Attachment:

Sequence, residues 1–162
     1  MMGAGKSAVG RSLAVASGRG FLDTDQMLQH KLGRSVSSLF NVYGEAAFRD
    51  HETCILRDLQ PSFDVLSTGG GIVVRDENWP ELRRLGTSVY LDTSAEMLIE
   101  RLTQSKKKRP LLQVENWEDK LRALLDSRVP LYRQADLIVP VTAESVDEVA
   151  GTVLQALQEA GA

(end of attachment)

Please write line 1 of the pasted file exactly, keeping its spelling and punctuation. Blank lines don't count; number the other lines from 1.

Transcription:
Sequence, residues 1–162